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The Reuben A. and Cheryl Casselberry Munday Distinguished Lecture
Since 2014, when Reuben A. Munday ’69, MPS ’74, and Cheryl Casselberry Munday ’72 created an endowment to support a distinguished annual lectureship at Cornell’s Africana Studies and Research Center, it has brought a leading scholar of African and African-American studies or otherwise distinguished African-American to the Ithaca campus annually for an event that is open to the public.
The alumni who endowed the lectureship are dedicated to giving back to the community at Cornell. Reuben Munday is chairman of the law firm Lewis & Munday P.C. in Detroit, where he has practiced law since 1977. He is a life member of the Cornell University Council and a member of its administrative board. Cheryl Casselberry Munday is associate professor of psychology at the University of Detroit Mercy, director of the University of Detroit Mercy Psychology Clinic and maintains a private practice in Birmingham, Michigan.
Robin D. G. Kelley, Gary B. Nash Professor of American History at UCLA - "John (and Michael) Brown’s Body: Meditations on War, Race and Freedom"
Alondra Nelson, professor of sociology and gender studies and Dean of Social Science at Columbia University, where she has served as director of the Institute for Research on Women, Gender, and Sexuality - "A Portal to the Past, A Beacon for the Future: DNA and the Politics of Racial Reconciliation"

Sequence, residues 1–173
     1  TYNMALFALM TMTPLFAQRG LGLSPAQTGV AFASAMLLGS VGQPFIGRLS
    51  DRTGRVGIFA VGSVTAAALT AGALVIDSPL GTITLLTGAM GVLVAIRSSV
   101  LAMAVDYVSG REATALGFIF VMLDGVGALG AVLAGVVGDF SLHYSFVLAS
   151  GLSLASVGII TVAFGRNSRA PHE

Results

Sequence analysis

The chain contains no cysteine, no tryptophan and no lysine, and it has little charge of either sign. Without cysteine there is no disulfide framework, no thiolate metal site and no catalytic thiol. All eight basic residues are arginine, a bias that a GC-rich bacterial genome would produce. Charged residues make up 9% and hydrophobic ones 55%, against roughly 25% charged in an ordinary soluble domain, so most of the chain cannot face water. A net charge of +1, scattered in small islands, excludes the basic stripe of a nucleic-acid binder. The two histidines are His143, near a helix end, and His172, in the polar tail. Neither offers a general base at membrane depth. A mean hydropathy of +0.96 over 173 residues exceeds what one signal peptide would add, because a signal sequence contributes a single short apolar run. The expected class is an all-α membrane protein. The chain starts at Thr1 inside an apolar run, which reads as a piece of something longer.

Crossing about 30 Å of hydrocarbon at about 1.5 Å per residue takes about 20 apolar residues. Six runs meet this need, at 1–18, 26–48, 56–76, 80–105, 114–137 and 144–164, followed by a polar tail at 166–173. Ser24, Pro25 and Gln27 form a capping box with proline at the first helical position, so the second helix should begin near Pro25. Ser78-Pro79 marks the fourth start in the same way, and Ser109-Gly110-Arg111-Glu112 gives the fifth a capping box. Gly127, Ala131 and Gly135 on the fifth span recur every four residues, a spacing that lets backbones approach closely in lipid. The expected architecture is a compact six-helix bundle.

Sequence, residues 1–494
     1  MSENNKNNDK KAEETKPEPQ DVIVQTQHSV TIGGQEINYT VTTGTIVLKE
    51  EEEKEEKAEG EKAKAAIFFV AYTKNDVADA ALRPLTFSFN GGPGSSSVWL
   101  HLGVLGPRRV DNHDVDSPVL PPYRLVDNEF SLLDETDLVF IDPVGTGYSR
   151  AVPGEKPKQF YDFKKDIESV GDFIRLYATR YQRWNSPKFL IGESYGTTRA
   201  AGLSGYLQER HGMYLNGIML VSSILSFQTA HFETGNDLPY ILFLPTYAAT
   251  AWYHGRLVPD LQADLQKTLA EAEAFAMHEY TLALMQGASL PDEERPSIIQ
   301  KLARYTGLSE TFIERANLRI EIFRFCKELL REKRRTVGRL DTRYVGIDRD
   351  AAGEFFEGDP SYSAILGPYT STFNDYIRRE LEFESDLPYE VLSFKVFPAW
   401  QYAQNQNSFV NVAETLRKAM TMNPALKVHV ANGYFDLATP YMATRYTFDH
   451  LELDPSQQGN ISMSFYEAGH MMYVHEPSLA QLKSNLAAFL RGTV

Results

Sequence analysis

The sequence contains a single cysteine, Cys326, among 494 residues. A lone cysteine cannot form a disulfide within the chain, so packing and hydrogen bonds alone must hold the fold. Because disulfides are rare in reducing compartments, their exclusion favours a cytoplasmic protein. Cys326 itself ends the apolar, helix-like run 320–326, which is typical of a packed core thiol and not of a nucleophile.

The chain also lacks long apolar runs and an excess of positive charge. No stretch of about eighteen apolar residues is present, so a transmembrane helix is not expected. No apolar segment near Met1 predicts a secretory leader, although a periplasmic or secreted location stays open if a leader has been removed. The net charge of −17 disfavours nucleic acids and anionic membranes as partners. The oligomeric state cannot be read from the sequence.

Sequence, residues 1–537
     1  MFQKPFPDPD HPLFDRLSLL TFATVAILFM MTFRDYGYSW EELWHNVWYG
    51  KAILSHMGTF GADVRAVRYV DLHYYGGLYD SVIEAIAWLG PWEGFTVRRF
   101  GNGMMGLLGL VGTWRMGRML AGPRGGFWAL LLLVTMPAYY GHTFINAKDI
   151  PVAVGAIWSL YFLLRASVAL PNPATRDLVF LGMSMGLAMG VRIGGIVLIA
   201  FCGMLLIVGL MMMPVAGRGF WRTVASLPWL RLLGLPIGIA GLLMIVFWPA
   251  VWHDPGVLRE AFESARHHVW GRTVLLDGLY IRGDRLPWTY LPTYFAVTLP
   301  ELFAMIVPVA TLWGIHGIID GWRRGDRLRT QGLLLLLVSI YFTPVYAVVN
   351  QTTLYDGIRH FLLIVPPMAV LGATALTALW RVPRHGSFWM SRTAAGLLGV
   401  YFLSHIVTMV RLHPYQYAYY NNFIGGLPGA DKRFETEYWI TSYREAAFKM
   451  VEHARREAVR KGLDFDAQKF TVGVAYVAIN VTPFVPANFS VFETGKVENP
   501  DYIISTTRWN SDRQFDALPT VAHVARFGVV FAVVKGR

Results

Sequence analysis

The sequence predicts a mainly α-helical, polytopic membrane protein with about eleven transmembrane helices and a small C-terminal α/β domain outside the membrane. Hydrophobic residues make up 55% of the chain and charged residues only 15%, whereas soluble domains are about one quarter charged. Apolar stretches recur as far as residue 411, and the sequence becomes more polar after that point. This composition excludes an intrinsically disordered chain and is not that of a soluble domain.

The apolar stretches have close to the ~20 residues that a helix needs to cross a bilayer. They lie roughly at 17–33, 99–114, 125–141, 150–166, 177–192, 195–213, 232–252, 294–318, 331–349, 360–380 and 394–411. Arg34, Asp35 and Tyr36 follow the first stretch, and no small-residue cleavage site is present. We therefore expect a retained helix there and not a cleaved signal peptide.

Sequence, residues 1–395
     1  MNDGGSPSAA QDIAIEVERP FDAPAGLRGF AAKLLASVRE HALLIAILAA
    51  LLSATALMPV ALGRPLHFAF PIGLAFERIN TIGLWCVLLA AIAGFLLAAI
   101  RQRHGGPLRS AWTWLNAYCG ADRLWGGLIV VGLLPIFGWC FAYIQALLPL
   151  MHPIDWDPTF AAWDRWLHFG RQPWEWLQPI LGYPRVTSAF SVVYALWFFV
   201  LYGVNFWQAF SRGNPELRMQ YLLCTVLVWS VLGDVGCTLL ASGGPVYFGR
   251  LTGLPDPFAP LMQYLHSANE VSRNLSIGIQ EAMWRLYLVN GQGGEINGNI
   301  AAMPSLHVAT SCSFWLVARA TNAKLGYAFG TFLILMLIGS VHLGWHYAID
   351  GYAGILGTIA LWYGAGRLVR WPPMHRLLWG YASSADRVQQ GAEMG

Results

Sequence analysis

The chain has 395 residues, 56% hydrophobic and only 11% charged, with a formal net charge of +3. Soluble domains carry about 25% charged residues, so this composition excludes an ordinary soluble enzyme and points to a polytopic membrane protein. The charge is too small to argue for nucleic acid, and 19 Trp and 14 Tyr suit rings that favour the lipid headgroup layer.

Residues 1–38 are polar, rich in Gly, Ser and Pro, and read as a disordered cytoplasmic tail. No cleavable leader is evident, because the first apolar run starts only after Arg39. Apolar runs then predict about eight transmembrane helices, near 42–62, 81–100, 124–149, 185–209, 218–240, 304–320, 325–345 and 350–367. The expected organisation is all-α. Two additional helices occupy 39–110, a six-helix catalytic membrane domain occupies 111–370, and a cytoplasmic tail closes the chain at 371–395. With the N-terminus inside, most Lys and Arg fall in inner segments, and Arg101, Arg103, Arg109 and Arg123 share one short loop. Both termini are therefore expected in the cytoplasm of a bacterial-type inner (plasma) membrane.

Eugene Robinson, Pulitzer Prize-winning columnist for The Washington Post and a political analyst for MSNBC - "Election 2016: Who's Up, Who's Down, & What's Really Going On"
Khalil Gibran Muhammad is Professor of History, Race and Public Policy at Harvard Kennedy School and the Suzanne Young Murray Professor at the Radcliffe Institute for Advanced Studies. He is the former Director of the Schomburg Center for Research in Black Culture, a division of the New York Public Library and the world’s leading library and archive of global black history. Before leading the Schomburg Center, Khalil was an associate professor at Indiana University - "A Revitalized Black Public Sphere and the Future of American Democracy"
Imani Perry is the Hughes-Rogers Professor of African American Studies at Princeton University, where she is also affiliated with the Program in Law and Public Affairs, The University Center for Human Values and Jazz Studies. She is the author of May We Forever Stand: A History of the Black National Anthem, Prophets of the Hood: Politics and Poetics in Hip Hop, and the forthcoming: Looking for Lorraine: The Radical and Radiant Life of Lorraine Hansberry. Perry has published scholarly articles in the fields of legal history, cultural studies and literary studies.
Craig Steven Wilder studies American urban, intellectual, and cultural history. His most recent book is Ebony and Ivy: Race, Slavery, and the Troubled History of America's Universities (2013). A professor of history at the Massachusetts Institute for Technology and a recipient of the Columbia University Medal of Excellence, he serves as a senior fellow in the Bard Prison Initiative which provides higher education and opportunity to incarcerated men and women, and he has advised numerous public history projects, including historical documentaries and museum exhibits.